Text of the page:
Premortem: One of the most powerful tools for business analysts

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Pretending that a success or failure already occurred--and looking back and inventing the details why it happened--seems almost absurdly simple. Yet renowned scholars including Kahneman, Klein, and Karl Weick supply compelling logic and evidence that this approach generates better decisions, predictions, and plans.

--- Robert Sutton and Huggy Rao, in Scaling Up for Excellence

One of my favorite tools in business analysis is the premortem. Instead of waiting until the end of a project to find out what went wrong, and learn for the future, we can use this technique to go on an “imaginary time travel” to avert real failures.

A software project premortem works like this:

At the beginning of the project, block some time to imagine that it’s one month after the release of the software you are just starting to specify. Assume that the effort had the worst possible outcome. Write a story about why the failure occurred. It may look like this:

Rollout was a nightmare. By the second week after launch, there were more than 500 unresolved support tickets. The development team was overwhelmed trying to repair bugs and investigate performance issues. Transactions were delayed or timing out because the development team worked under the assumption that there would be no more than 10 concurrent transactions, when real-world use called for 100. Some of the features were so difficult to use, requiring jumping between multiple screens several times, that the training team had to create large documents to explain how to perform simple tasks. Users shifted to using spreadsheets to ensure they could do their job.

Do the same with the opposite result: pretend the project was a roaring success, and write the story that explains why.

Premortem: One of the most powerful tools for business analystsNow, use the two stories to strengthen your requirements process. Typically, not all the potential pitfalls you’ll uncover in this exercise will be related to the BA work; ideally the exercise would involve the project manager and the entire delivery team. Doing this exercise in a group allows the team to “look back from the future” to describe the concrete success or failure of the project, and identify the roadblocks that need to be removed to ensure the successful version of the story prevails.

Still, even if it’s not possible to engage the whole team in a premortem exercise, and you have to do it alone, it’s a worthy step to ensure the quality of your requirements documentation. Looking at my example of the failure story, there is useful information to be extracted and applied to the requirements process:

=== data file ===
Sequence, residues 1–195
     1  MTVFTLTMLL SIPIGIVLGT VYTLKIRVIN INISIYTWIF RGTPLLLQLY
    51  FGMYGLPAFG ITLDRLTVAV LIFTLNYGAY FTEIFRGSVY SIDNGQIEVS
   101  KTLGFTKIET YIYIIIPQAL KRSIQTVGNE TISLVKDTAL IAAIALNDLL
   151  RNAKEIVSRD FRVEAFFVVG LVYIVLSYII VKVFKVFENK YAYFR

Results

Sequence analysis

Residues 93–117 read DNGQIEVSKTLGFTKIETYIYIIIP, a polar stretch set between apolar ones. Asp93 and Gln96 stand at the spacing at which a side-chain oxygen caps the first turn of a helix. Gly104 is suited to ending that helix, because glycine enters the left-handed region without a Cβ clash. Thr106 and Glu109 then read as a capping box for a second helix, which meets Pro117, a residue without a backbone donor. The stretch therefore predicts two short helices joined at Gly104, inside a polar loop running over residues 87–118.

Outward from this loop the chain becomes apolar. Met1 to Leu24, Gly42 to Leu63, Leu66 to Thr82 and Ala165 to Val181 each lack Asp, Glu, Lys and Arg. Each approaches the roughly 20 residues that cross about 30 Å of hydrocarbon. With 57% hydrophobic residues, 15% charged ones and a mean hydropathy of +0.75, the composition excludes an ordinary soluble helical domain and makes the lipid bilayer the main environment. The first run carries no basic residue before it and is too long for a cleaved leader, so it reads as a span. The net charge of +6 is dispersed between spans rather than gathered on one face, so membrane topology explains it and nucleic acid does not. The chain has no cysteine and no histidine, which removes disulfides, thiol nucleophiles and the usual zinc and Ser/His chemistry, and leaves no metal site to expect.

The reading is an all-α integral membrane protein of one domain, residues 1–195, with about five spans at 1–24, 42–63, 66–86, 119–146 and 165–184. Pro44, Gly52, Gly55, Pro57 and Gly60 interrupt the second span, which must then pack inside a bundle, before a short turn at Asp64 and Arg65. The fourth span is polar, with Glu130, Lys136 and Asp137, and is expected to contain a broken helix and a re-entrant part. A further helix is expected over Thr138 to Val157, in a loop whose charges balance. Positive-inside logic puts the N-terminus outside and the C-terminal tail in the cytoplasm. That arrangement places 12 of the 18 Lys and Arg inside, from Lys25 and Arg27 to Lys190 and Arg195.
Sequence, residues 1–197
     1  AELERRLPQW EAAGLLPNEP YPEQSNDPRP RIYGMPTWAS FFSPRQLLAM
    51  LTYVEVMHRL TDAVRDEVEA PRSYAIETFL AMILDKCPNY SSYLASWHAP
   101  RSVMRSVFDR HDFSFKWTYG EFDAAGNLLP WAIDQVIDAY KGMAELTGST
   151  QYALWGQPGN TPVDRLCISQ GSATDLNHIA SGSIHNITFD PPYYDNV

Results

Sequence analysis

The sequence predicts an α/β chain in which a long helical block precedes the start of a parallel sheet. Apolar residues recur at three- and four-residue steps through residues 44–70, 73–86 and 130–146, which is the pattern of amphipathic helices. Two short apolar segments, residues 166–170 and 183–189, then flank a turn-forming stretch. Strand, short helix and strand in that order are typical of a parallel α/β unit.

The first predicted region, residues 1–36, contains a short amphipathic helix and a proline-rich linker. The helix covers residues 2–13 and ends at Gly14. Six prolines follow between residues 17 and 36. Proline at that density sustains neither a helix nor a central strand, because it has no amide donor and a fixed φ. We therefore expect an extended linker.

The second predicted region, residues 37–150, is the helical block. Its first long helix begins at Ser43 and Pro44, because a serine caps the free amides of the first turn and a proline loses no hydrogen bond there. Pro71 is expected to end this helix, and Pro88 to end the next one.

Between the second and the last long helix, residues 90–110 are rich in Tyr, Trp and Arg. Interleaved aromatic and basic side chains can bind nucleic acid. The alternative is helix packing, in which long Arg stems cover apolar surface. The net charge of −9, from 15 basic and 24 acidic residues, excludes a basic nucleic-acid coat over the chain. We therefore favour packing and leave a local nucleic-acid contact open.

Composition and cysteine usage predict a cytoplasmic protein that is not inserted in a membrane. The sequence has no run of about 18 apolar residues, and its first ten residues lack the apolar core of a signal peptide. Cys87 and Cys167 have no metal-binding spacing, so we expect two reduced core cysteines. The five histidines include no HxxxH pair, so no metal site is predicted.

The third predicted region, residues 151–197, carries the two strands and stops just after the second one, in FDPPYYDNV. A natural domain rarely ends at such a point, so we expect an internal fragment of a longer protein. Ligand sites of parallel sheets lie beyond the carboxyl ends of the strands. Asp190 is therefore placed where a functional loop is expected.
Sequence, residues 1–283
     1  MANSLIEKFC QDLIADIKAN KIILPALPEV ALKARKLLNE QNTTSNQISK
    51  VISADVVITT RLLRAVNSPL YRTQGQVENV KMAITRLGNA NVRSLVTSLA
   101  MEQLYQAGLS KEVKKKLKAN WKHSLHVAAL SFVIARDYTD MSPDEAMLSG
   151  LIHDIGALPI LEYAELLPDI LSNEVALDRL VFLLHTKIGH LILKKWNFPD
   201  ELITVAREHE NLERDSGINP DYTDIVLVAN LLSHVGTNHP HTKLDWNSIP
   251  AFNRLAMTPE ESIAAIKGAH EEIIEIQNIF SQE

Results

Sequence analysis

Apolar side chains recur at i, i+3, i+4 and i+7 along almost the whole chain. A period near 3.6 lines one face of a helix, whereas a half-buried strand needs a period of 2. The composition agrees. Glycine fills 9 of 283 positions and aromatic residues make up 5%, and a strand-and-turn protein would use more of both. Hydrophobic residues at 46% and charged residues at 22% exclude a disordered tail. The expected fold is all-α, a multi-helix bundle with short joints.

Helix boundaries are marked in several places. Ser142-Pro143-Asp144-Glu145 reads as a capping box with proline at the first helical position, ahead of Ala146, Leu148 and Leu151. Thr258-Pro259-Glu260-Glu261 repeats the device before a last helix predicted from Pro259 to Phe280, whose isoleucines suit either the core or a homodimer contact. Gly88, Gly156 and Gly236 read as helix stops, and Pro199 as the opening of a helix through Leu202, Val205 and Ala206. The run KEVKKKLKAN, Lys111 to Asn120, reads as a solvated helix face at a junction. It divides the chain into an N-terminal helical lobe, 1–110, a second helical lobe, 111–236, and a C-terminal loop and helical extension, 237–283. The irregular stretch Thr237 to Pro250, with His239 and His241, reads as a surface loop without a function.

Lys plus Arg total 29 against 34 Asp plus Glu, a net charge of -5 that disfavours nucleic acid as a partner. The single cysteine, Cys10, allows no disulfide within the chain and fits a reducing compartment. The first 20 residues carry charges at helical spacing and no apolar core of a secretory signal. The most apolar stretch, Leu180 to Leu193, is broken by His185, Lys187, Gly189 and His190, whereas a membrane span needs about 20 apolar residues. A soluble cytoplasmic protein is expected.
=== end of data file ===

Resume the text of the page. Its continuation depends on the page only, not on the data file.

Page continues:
• The requirements should specify the minimum quality the software must deliver, including performance goals relative to the expected number of concurrent users and transactions, acceptable mean time between data corruption and crashes, and so on.
  • The requirements should include aspects of usability and learnability to ensure that users can easily learn how to use the system, and a dozen mouse clicks aren’t required to complete a single task.

Many BAs I have taught over the years have trouble identifying “non-functional requirements”--the criteria to evaluate the operation of the system that must be specified along with the system behavior to ensure the final solution is fit for purpose. One of the many benefits of doing project premortems is that it helps surface non-functional requirements that could become a problem if not addressed in the specification. These insights are available even from the description of the successful version of the future:

The launch of our new product was a huge success. Thousands of customers and prospects flocked to our website to sign up on the very first day. The feedback after a month using the product was overwhelmingly positive, and an average of 1,500 transactions a day indicated a high adoption rate. (...)

Looking at this “happy scenario” allows the BA to start thinking about capacity and scalability, and the potential need to build in excess load capacity as an insurance against crashes and delays that could alienate customers and make the business lose money.

Evidence suggests that looking at what could go wrong using the premortem technique to think in terms if “did this, not that”, rather than “do this, not that” give us a different, superior vantage point. It has definitely helped me succeed while working on complex and high-uncertainty projects. Have you used this technique in your projects? Can you see it making a difference in your business analysis practice? Do share your thoughts in the comment section.


Author: Adriana Beal spent the past 10 years consulting for Fortune 100 organizations implementing large, complex software projects. She currently works as a product manager for an enterprise-grade software-as-a-service application at Spredfast in Austin, Texas. Opinions expressed are solely her own and do not express the views or opinions of her employer.

 

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